The Dalai Lama has outlined a timeframe for deciding whether to continue the institution of the Dalai Lama, but has said that China should have no say in who succeeds him if it does continue.
The Tibetan spiritual leader, aged 76, said that he would make the decision when he is ‘about 90.’
‘When I am about ninety I will consult the high Lamas of the Tibetan Buddhist traditions, the Tibetan public, and other concerned people who follow Tibetan Buddhism, and re-evaluate whether the institution of the Dalai Lama should continue or not,’ he said in a statement posted on his website today.
‘(R)eincarnation is a phenomenon which should take place either through the voluntary choice of the concerned person or at least on the strength of his or her karma, merit and prayers. Therefore, the person who reincarnates has sole legitimate authority over where and how he or she takes rebirth and how that reincarnation is to be recognized. It is a reality that no one else can force the person concerned, or manipulate him or her. It is particularly inappropriate for Chinese communists, who explicitly reject even the idea of past and future lives, let alone the concept of reincarnate Tulkus, to meddle in the system of reincarnation and especially the reincarnations of the Dalai Lamas and Panchen Lamas.’
The Dalai Lama and his followers fled China in 1959 after a failed uprising against Chinese Communist rule in the Tibetan capital Lhasa. The movement is now based in Dharamsala in India, but has been a regular thorn in the side of China, which has consistently suggested he is a separatist troublemaker.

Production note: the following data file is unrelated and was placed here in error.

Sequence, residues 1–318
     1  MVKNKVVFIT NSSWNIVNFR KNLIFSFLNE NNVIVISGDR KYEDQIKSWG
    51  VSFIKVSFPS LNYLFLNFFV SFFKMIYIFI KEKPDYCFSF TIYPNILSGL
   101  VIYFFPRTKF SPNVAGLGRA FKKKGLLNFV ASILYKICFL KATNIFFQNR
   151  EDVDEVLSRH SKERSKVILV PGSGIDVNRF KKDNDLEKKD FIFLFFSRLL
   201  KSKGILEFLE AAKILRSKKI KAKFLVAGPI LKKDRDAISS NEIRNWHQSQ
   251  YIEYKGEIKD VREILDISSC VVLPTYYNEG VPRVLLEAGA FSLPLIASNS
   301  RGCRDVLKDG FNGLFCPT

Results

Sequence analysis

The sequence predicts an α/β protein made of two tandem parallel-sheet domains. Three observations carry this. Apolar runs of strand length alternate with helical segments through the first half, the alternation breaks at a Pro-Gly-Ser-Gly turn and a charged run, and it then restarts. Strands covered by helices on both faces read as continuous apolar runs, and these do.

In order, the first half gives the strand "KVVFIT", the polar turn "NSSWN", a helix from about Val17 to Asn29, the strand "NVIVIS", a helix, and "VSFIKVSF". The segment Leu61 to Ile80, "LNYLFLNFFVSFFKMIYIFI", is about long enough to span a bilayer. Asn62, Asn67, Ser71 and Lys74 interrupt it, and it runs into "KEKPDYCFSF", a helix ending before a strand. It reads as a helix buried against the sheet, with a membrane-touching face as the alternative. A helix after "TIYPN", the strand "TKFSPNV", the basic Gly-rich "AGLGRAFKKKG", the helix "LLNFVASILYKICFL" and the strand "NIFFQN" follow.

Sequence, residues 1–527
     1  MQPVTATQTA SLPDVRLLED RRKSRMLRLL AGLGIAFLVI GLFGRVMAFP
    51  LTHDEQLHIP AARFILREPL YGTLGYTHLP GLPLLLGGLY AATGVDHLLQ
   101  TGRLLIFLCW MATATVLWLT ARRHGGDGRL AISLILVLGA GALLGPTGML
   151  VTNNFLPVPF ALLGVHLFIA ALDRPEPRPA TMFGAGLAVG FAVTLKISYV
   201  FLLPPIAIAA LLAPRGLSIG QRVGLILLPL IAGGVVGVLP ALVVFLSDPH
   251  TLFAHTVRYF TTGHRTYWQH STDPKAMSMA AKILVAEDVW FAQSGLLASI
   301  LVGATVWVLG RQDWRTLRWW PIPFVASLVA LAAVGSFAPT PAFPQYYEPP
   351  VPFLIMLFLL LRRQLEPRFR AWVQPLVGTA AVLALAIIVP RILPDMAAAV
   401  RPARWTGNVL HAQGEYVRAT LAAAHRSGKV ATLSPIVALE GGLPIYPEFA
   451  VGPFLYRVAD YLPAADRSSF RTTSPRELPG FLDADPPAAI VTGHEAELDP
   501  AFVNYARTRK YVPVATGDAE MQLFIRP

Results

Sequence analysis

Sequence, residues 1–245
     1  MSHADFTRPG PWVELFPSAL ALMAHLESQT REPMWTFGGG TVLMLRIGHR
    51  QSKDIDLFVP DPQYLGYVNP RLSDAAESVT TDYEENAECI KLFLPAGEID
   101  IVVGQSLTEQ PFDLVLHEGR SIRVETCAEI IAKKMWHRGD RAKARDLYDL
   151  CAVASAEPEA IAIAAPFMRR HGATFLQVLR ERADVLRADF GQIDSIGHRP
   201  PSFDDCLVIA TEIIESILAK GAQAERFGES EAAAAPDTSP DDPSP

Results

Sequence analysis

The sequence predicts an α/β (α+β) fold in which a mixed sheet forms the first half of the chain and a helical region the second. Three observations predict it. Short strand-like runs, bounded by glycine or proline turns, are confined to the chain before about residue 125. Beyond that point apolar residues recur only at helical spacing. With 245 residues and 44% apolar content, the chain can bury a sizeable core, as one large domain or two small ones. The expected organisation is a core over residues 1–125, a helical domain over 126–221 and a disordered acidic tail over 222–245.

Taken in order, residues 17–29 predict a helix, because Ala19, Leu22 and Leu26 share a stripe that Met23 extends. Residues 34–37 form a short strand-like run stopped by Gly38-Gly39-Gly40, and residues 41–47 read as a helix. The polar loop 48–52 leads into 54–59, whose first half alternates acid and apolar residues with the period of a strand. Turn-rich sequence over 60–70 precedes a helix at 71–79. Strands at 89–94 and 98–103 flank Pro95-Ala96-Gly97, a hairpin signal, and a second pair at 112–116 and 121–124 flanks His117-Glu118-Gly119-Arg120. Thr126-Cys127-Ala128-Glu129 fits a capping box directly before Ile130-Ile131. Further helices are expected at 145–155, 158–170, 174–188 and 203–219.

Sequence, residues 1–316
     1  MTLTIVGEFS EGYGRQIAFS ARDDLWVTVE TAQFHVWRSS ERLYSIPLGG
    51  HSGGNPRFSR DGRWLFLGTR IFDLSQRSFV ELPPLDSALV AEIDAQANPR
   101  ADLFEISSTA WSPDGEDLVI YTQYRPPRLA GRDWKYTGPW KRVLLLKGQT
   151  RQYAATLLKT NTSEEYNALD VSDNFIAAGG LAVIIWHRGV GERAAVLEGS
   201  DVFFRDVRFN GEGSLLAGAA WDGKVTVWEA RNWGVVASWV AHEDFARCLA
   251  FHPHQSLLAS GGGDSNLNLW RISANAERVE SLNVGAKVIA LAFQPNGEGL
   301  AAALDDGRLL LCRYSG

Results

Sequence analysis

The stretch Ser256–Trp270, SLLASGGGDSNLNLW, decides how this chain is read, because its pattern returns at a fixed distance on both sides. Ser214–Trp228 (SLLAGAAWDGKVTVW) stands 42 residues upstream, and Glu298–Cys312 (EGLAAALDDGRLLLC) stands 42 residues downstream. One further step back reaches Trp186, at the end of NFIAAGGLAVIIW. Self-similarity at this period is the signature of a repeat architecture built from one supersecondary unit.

Indeed, China has frequently been keen to punish countries that are seen to be encouraging his movement. In 2008, for example, the annual China-EU talks shelved for the first time in 11 years after French President Nicolas Sarkozy met with him.
More specifically, there’s also a financial cost for meeting the Dalai Lama, at least according to a recent study published by the Social Science Research Network. According to the authors, both from the University of Goettingen in Germany, ‘Our empirical results support the idea that countries officially receiving the Dalai Lama at the highest political level are punished through a reduction of their exports to China.’
Using data from the United Nations and World Bank, the authors found ‘official’ meetings between the Dalai Lama and the leadership of a country resulted in a cut in exports to China from that country of an average of 8.1 percent. This effect, the authors said, lasts about two years.
In his statement, the Dalai Lama made abundantly clear he is unhappy with any such meddling by China.
‘Today, the authoritarian rulers of the People’s Republic of China, who as communists reject religion, but still involve themselves in religious affairs, have imposed a so-called re-education campaign and declared the so-called Order No. Five, concerning the control and recognition of reincarnations, which came into force on 1st September 2007, he said. ‘This is outrageous and disgraceful. The enforcement of various inappropriate methods for recognizing reincarnations to eradicate our unique Tibetan cultural traditions is doing damage that will be difficult to repair.’